• But I tell you, nothing worked for my students better than the (arguably incomplete) The World in the Last 5000 Years video embedded below. It laid the chronology out for them better than anything they had seen. They went nuts. There was an identifiable mutinous air of, “Well, why didn’t you just say so? Why did you wait so long to show us this?? Dude, what IS wrong with you???” in my classroom all of a sudden. (I scanned the corners of the room for autodidact vampire slayers again…)

3. Diversify your prep sessions with interactive, constructivist, modern learning techniques. Here are three I like, and one I do not, among many, many possibilities. Remember: modern learning isn’t always about technology, it is about communicating, thinking critically and creating.

  • Two truths and a lie: Students pick a historical term and create two true statements and one lie about it. Then they challenge their peers in to discover the lie in small groups. The best trios are shared with the class.
  • Where in the world? Students create historically based pseudo-fictional anecdotes about famous figures and their environments. The anecdotes grow increasingly specific as they are read: the challenge is to see who can be the first to guess the historical figure.

Oh, boy. What a beautiful morning. I think I’ll head out to the public bathroom to take care of business, thinking it’s perfectly normal to clean up by wiping myself with a small rag on the end of a stick once business is done. Then, maybe I’ll have a healthy breakfast of roasted doormice and vinegar-laced wine before my appointment at the public baths where I’ll get a slave to rub olive oil alllllll over my body. (It’s a purely platonic thing–really.) Then, before lunch, I’ll go check out the Legions to see if they are ready to go. If everything goes according to plan, we’ll head up to Gaul for a few years and then I’ll be ready to make my move to take control of the senate. I hope I don’t get stabbed in the gut by my best friend.

  • World History Baseball: Just like playing the real thing, but hits and strikes are earned by answering or failing to answer questions of varying difficulty. Answer an easy question? Head to first. Answer a killer? Head to third! I also spice up the game by calling near misses foul balls and by letting the team that isn’t at bat earn extra swings by answering questions that go unanswered. This is about the only quiz game I use and I largely use it to get the students outside and running in the sun so we add some physical response to acquiring the necessary knowledge.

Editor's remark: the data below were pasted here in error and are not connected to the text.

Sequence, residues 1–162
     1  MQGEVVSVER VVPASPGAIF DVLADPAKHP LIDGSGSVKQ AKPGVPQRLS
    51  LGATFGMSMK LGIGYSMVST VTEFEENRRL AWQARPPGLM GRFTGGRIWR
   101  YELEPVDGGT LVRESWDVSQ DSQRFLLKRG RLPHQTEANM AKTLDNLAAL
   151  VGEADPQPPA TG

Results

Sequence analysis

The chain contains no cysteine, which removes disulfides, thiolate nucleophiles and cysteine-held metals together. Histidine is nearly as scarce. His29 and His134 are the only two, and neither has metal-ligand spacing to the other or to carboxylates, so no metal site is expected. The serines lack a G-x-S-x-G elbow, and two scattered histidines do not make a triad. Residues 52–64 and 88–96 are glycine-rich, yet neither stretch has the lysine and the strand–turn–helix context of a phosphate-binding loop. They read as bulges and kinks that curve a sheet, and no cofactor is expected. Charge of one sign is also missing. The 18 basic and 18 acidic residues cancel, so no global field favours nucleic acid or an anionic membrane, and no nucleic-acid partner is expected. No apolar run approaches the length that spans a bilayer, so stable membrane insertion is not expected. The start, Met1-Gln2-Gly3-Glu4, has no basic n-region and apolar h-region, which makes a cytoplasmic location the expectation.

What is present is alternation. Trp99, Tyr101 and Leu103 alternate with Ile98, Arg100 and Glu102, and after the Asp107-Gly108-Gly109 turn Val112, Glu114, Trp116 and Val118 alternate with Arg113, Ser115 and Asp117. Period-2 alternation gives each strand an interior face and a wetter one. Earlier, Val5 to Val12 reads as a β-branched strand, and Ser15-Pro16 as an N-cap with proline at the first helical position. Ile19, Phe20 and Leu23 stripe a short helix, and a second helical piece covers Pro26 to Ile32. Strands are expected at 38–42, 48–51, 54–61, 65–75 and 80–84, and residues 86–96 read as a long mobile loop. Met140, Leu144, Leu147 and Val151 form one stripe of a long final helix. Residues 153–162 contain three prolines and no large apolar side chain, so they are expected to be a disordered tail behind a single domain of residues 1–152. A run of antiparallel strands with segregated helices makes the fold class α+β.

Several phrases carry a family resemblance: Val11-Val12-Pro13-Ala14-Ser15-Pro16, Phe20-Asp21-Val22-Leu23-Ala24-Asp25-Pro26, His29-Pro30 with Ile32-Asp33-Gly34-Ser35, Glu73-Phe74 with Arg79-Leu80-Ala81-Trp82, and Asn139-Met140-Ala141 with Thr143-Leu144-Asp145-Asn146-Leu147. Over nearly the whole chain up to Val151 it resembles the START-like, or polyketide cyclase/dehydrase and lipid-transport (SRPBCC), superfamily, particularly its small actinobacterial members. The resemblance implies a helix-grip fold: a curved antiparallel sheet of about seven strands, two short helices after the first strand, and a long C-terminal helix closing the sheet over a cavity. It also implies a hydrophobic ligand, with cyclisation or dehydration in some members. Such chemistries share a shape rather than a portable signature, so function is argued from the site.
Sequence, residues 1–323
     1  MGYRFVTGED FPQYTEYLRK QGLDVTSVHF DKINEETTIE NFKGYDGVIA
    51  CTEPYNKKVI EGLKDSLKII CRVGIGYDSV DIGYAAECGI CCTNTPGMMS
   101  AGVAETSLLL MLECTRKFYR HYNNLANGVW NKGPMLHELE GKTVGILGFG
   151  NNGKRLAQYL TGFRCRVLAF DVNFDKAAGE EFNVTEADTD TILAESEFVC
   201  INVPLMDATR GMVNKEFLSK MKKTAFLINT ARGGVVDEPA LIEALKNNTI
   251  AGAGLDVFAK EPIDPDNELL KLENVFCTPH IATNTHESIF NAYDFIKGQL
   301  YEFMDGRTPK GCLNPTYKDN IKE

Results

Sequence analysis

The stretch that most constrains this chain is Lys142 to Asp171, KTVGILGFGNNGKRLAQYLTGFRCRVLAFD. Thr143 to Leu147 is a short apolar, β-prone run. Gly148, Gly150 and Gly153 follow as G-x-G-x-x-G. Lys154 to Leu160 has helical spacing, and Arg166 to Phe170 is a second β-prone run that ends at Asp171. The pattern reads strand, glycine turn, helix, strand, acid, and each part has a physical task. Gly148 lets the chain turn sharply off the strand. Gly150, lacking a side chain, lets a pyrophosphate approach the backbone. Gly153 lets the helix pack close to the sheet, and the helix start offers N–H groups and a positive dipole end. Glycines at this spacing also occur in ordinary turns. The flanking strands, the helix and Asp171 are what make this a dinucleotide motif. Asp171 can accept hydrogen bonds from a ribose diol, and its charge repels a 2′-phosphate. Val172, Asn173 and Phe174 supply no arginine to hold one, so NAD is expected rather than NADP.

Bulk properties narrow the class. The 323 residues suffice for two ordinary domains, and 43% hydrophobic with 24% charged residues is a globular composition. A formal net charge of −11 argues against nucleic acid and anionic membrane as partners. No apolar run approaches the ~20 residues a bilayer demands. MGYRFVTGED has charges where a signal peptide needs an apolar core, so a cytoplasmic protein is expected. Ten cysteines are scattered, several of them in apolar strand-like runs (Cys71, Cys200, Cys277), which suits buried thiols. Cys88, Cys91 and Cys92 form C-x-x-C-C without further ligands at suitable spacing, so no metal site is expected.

• And…no Jeopardy. Never. Unless you create a system wherein all students become accountable by filling out question/answer sheets Jeopardy quickly becomes a review game dominated by one or two aggressive students in the rough vicinity a herd of passive bystanders. Also, for the time and effort it takes for the teacher to construct the game, the student practice payback is weak. Students should spend their revision time constructing their own activities, questions and answers.

4. Use technology based instruction and reinforcement via Twitter, Studyblue, Facebook, Buffer and blogs. 

  • Studyblue: A great online flashcard generator. Cards can be shared among class members and students can set up quizzes for themselves within the app. It even integrates with Evernote so students can import their notes directly onto flashcards.
  • Twitter (@wjtolley): During hunting season, I run a daily quiz of 5 relevant world history questions via tweet (join us at #iscwh until June 1st!). I use the Buffer app to schedule the tweets so that one appears just before school, one during our morning recess, three during lunch and one right after school. This keeps world history on my students’ minds–in a light, gaming way–throughout the day. As we all know, it takes consistent practice to learn something: this is a fun way for students to get that consistency.
  • Facebook: We share information, materials and announcements via a Facebook group dedicated to the review group. I also make a daily announcement about the winning team for the Twitter contest, and name a daily “MVN”–Most Valuable Nerd. (Competition can get heated…) Most importantly, I get former students to encourage current ones to stay focused, deal with the necessary evil and focus on the benefits of the experience. We may not like standardized testing, but knowledge is still power.

5. Above all, just as I recently did with my IB students in my final tips before their Papers 1& 2 and Paper 3, you should remind your kids that no test encapsulates who they are. It cannot define them, their abilities of their future.

This is something you will absolutely do…(hit play).

Author: williamjtolley

IB Coordinator, IBEN Workshop Leader, Examiner, and DP/MYP Teacher | Inquiry, Mastery & Culturally Responsive-Learning Advocate